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Wednesday, October 19, 2005

F = ma Files

"..our understanding of the liberal conception of [energy independence] is as follows:

The government should establish policies aimed at reducing the use of oil (fuel-economy standards, higher gasoline taxes, incentives or coercive measures to encourage use of public transit, etc.).

This in turn is would reduce our dependence on foreign oil, helping to starve the Arabs and thus reduce terrorism.

For the sake of argument, let's take the first part of this argument--that the government could reduce oil consumption, effectively a reduction in demand--as a given. Basic economics tells us that a reduction in the demand for a commodity will lower the price. What happens when the price of oil goes down? High-cost oil production becomes uneconomical, which means that low-cost producers end up accounting for a greater share of the market. The lowest-cost producer of all is our friends the Saudis. Thus "energy independence," if effective at all, would actually make America more dependent on "foreign" (Arab) oil." - Jas. Taranto, BOTWT 19OCT05

Unlike the pop-conservatives at the Federalist [sic] Patriot, I don't intend to get all of my material from Taranto. This one, though, deserves to be put in the F = ma files.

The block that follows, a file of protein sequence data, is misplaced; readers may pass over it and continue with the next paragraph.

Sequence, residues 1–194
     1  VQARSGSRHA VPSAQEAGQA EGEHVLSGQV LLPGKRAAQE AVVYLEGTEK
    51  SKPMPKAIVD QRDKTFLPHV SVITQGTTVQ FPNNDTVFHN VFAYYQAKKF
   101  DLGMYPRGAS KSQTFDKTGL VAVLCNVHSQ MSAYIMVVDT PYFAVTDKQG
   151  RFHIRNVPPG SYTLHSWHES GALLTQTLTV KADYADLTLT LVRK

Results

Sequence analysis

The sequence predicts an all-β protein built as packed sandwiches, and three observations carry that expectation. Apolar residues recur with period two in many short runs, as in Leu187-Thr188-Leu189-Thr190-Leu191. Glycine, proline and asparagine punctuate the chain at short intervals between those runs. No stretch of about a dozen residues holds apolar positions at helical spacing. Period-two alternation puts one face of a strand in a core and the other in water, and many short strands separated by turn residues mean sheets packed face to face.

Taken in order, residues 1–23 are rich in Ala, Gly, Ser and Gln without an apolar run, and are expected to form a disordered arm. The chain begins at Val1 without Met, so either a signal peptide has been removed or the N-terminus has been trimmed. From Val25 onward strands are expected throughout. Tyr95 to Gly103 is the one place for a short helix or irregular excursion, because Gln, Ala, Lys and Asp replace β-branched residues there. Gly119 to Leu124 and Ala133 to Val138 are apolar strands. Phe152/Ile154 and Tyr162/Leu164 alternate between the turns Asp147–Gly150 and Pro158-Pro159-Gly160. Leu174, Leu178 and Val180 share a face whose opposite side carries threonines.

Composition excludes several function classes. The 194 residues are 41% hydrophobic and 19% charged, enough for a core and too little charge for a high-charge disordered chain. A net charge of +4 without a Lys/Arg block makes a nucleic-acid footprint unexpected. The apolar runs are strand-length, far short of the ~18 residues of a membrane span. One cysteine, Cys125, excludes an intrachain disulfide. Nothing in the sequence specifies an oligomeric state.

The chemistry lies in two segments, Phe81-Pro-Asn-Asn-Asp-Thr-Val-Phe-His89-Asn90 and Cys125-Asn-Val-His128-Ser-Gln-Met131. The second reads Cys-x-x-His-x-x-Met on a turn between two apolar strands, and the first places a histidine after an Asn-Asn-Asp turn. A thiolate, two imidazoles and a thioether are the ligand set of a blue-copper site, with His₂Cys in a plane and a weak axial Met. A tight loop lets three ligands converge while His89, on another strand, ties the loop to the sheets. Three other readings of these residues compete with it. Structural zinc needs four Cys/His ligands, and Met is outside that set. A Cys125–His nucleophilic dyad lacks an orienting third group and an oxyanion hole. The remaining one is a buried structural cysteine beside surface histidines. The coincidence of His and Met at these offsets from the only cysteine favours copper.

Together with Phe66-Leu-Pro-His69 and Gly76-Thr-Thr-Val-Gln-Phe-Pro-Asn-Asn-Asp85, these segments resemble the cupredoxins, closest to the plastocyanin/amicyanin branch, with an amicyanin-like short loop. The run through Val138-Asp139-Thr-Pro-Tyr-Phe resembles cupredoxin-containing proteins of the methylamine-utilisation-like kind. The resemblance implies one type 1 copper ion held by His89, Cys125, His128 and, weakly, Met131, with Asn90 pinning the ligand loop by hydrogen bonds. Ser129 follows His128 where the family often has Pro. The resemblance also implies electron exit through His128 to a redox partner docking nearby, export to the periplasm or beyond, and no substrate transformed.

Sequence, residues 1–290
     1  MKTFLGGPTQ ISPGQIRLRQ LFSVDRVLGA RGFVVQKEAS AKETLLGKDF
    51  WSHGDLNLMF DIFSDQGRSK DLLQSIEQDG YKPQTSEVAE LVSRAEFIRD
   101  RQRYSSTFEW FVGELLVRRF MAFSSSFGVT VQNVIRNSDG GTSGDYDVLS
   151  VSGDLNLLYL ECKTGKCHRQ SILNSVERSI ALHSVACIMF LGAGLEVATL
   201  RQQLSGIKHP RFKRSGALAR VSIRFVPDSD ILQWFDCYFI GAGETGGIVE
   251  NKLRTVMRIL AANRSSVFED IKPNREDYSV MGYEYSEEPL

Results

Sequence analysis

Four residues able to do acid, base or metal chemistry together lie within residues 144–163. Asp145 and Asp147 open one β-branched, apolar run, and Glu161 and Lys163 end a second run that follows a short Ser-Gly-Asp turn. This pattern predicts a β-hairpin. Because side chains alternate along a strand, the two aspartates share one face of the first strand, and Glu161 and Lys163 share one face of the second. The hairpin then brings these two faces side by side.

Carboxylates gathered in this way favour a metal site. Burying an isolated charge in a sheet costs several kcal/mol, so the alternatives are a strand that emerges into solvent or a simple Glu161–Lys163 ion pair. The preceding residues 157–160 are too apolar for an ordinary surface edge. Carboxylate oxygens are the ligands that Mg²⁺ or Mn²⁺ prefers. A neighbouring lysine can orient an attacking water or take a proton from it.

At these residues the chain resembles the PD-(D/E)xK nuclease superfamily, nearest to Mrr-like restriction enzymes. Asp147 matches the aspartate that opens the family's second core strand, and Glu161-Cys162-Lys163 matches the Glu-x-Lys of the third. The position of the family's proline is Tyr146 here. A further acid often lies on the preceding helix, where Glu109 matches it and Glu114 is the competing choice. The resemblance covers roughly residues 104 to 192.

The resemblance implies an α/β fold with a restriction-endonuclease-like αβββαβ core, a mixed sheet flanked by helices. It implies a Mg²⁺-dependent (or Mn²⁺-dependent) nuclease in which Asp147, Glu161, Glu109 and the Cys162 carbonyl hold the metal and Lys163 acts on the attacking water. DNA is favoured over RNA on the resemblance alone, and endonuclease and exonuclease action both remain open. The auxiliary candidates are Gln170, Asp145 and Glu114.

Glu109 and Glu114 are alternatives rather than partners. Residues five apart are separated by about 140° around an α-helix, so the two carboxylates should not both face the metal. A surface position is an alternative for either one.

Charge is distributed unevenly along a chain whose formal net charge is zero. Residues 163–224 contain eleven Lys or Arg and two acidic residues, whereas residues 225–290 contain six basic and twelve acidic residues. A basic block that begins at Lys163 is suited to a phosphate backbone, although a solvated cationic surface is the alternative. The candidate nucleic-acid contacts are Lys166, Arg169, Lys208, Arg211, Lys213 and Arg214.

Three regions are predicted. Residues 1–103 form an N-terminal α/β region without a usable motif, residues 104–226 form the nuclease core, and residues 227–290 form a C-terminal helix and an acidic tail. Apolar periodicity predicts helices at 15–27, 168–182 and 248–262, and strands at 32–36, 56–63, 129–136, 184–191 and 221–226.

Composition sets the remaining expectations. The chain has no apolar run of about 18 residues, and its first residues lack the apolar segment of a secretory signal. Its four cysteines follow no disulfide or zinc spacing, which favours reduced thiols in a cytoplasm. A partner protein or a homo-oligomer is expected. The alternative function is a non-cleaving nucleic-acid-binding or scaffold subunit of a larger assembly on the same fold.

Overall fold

The other problem with reducing demand for oil is that the demand curve for gasoline has varying elasticity. Unless a total moron tried to implement some rationing scheme, the way to lower demand for oil is to institute taxes on every barrel of oil or gallon of gasoline. The latter would likely be more effective.

This would quickly cut down the number of trips to the convenience store and to the beach, although it would also reduce consumer spending in other areas (The total amount spent on recreational gas usage would almost certainly rise). In order to avoid destroying our economy, income taxes would have to be cut by an amount equal to the gas tax. Since Miles driven are less dependent on income than, say, the income tax, this would in effect be a regressive tax that soaks the poor. The other option is to give non-taxpayers a rebate, which would itself cause problems.

Ignoring that apocalypse for the moment, the recreational use of gasoline would be curtailed. However, at a certain point people have to use gasoline. Public transport runs on gas. Electric trolleys run on power generated by fossil fuel plants. There is a point where the demand curve for oil becomes so inelastic that you could raise the price of gas to, say, 3.00$US a gallon and people would still drive. Or 6$US. At around 15$US I think we'd see a fundamental change in the technological base of our civilization, but... I digress.

Let us say there is a more reasonable gas tax imposed. Demand decreases. Global oil prices stay constant because we're not the only ones buying oil. The Arabs are still making money, our economy is failing, and we no longer have leverage over them.

Or let us say that the global price of oil does fall. In a decade, this will result in less infrastructure and a return of oil prices to nearly the same level. If there is a supply disruption, people can't cut down on oil use, because all the fat has already been trimmed.

Until the Sierra club lets me build my nuclear car, they are responsible for global warming, terrorism, and taxes.

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